How do you sing a song no one's ever heard before?
April 8, 2010 12:41 PM   Subscribe

Are there examples of made-up songs from books (like the original Winnie-the-Pooh's hums) being put to music anywhere?

Sometimes in a book a character will sing a song--or a piece of a song--that doesn't exist in the real world. Think Winnie-the-Pooh's hums in the original books or the "Rise Up" song from Terry Pratchett's Night Watch.

Are there examples of songs like these being put to music anywhere? If there are, I'm mostly interested in official sorts of recordings: either stand-a-lone pieces or audiobook readings.
posted by colfax to Society & Culture (16 answers total) 4 users marked this as a favorite
More of an on-purpose one: Margaret Atwood's new book The Year of the Flood features a bunch of hymns sung by a sort of weirdo post-apocalyptic group. Her agent contacted someone after she wrote the manuscript, had him set the hymns to music, and she went on book tour with the guy. The site for the book is here; click on "The Music" for information about how the project came to be, and recordings.
posted by charmedimsure at 12:46 PM on April 8, 2010

This happens frequently. Try watching filmed adaptations of Alice in Wonderland to see how different directors and composers have handled the various songs and poems.
posted by Faint of Butt at 12:47 PM on April 8, 2010

Yeah, Lee Hoiby has an art song from Jabberwocky from Through the Looking Glass, some of which you can hear sung here.
posted by shakespeherian at 12:54 PM on April 8, 2010

Speaking of Terry Pratchett, there is a whole lot of Discworld songs (including quite a few versions of The Hedgehog Can't Be Buggered at All).
posted by Kattullus at 12:55 PM on April 8, 2010 [1 favorite]

The animated Hobbit has a few of these.
posted by mkb at 12:59 PM on April 8, 2010

Also, there was a bonus CD of music from "Anathem" last year, I think.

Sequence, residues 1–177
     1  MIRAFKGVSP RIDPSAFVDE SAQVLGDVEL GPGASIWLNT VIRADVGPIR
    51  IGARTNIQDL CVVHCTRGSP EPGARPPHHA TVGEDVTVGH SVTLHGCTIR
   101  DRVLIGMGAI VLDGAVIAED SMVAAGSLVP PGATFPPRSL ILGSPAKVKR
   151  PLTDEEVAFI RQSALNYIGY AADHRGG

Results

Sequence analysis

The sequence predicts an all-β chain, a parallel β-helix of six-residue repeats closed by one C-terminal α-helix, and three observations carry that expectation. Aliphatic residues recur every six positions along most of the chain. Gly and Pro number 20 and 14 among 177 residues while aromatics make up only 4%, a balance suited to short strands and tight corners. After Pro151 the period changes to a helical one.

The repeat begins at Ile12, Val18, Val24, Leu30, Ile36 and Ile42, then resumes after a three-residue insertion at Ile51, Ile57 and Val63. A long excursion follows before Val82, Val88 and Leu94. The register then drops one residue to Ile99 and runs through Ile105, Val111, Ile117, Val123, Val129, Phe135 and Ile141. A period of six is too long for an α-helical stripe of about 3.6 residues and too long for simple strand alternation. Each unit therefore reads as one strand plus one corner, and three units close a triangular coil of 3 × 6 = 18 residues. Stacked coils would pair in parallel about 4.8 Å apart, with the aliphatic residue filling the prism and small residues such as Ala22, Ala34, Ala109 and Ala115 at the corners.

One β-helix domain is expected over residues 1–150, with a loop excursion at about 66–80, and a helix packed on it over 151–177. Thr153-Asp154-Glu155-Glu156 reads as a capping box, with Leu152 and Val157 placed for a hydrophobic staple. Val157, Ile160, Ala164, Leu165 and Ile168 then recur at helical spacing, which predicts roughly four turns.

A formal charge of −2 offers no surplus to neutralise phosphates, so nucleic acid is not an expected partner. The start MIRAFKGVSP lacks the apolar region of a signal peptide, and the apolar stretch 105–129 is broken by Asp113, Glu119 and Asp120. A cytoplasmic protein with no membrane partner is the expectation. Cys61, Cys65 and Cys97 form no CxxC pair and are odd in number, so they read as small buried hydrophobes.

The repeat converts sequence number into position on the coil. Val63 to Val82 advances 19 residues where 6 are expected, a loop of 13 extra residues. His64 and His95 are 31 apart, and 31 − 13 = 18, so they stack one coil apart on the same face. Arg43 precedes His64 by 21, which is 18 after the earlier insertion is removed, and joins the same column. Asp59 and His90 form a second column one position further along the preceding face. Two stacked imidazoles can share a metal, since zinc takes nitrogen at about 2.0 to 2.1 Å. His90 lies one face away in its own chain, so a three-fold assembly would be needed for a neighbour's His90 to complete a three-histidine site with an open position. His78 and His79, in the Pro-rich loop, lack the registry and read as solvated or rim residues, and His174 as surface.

posted by wenestvedt at 1:08 PM on April 8, 2010

How about any of the songs in Shakespeare's works? Only the verses survive; if there was any music written down for them, it's long since been lost. Modern adaptations all have different takes on how they should sound.
posted by backseatpilot at 1:13 PM on April 8, 2010

The Hobbit was the first thing I thought of, since I just finished reading it to my kids. Tolkien loved putting in little snippets of verse, which kind of makes it awkward when you're reading the material to someone else. I was reading and thinking, "I wonder if the old Hobbit cartoon put these verses to music?" I guess I'll have to check that out!
posted by Alaska Jack at 1:17 PM on April 8, 2010

A Midsummer Night's Dream has songs too. Maybe some other Shakespeare?

If you literally want songs no one had ever heard before, there's Mermaid Avenue -- two CDs of Woody Guthrie songs that didn't have music until Billy Bragg and Wilco wrote the melodies and recorded them.
posted by clavicle at 1:19 PM on April 8, 2010

There is also a book called The Road Goes Ever On which is a song cycle based on songs in Tolkien's books. It was written by Donald Swann with Tolkien's approval and published in 1967. I recall not liking the music much but it might be worth a second look.
posted by Polyhymnia at 1:42 PM on April 8, 2010

The Tolkien Ensemble are a Danish group who have recorded the complete songs and poems from the Lord of the Rings and are notable to me for making Tom Bombadil not only tolerable but downright catchy.
posted by mayhap at 2:02 PM on April 8, 2010

The Green Hills of Earth which is a song by Heinlein )from the short story & collection of the same name) has been put to music by a lot of filkers. There are several different tunes it is sung to.
posted by thekiltedwonder at 2:35 PM on April 8, 2010

Ursula LeGuinn's Always Coming Home — which isn't exactly a novel; more like an exercise in world-building or a set of fictional anthropological field notes — came with a tape of "traditional music" from the culture described in the book. I got my copy used, and it was missing the tape, so I don't know if the songs are any good.
posted by nebulawindphone at 5:22 PM on April 8, 2010

There's a Steely Dan version if the Alice In Wonderland song Lobster Quadrille.
posted by irisclara at 11:09 PM on April 8, 2010

The Stephen King book "The Stand" features a fictional hit song called "Baby, Can You Dig Your Man?"

The band Self recorded a song with this title, which I love, and can be found here.
posted by haveanicesummer at 11:37 AM on April 9, 2010

Donald Swann recorded "The Road Goes Ever On" on a Caedmon LP about 40 years ago--I used to have a copy. (May still have, but if so it's in storage.) I don't think it's ever been re-released on CD.
posted by Logophiliac at 1:39 PM on April 10, 2010

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